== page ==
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9 Good Typography Usage Tips and Examples


Are You Using the Right Fonts?

Believe it or not, the type of font that you use could be helping or hurting you when it comes to the information that you’re attempting to convey to people. If a font is easy to read and see for the setting it is being used, then it will help the reader understand and remember more of the information that is being read. Even the spacing of the font can make or break your content because text that is uncomfortable to read is text that will be ignored. Which fonts should you be using for your next content presentation?

Serif Fonts Are Great For Standard Printing

If you’re planning on printing out your content for people to physically read, like a book, for example, then you’ll want to utilize a serif font. These fonts all have short lines at the top and bottom of the letters and numbers and can be used in both classic and elegant designs. Serif fonts have a formality about them, yet are clean and crisp, making them perfect for printed words. With the correct amount of spacing and white space, traditional fonts like Times New Roman, Century, or Garamond will accurately and completely convey the information being presented.

Sans Serif Fonts Are Best Online

Sans Serif fonts basically mean that you’re getting a font without the serif. This means all the small lines that are on the printed letters or numbers do not exist with these fonts. Though fonts like Calibri, Gotham, or Helvetica are considered to be informal, they are the perfect body font when it comes to an online piece of content. Blog posts, web pages, and even e-mails benefit from these sans serif fonts because they are incredibly easy to read on any size of computer monitor, make the information being relayed feel accessible, and are even somewhat playful in nature. If you create a lot of online content, keep this font in mind!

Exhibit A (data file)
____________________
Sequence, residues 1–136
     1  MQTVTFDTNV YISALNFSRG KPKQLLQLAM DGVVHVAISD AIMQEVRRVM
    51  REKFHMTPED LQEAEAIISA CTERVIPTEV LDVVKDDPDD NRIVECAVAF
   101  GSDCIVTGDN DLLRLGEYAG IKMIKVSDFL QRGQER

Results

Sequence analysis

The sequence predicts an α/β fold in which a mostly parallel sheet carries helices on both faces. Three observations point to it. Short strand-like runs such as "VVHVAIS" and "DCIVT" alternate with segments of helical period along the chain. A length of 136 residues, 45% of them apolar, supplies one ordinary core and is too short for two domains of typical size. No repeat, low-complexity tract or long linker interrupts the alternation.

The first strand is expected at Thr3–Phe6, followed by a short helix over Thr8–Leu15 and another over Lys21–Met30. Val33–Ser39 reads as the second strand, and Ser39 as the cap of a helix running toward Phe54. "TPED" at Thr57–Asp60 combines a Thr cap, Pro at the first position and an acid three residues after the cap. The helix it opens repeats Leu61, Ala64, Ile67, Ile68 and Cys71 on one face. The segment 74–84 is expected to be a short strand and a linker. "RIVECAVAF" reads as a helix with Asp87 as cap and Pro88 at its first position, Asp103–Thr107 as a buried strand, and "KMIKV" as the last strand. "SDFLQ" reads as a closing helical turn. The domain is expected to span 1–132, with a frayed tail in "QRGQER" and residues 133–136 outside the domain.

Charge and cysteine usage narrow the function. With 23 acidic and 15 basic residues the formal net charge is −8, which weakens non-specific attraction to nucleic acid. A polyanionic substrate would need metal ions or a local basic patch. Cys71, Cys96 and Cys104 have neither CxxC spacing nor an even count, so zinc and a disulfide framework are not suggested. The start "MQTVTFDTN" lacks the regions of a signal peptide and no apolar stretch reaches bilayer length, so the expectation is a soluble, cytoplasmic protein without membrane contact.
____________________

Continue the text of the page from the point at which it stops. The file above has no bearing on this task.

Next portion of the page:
Script Fonts Are Best For Formal Documents

Script fonts take cursive writing and put it into an online format. Instead of needing to hire a calligrapher for a wedding invitation, for example, you can use a script font and print out the invitations yourself and still come up with a reasonable facsimile. If you are creating a few hundred words of content or bold headlines, however, these fonts would be considered inappropriate because it would create content that was difficult to read.

Decorative Fonts Are For Headlines Only

Have you ever seen an entire e-mail written in a Comic Sans font and it drove you so nuts that you just deleted the e-mail? Decorative fonts make for attractive headlines, but they do little for anything else beyond that. These fonts are driven to be appealing visually at a glance and encourage people to read the rest of the content, but nothing more.

Keep these thoughts in mind as you’re creating your next bit of original content and you’ll create great marketing materials. The right font really can make the right first impression!

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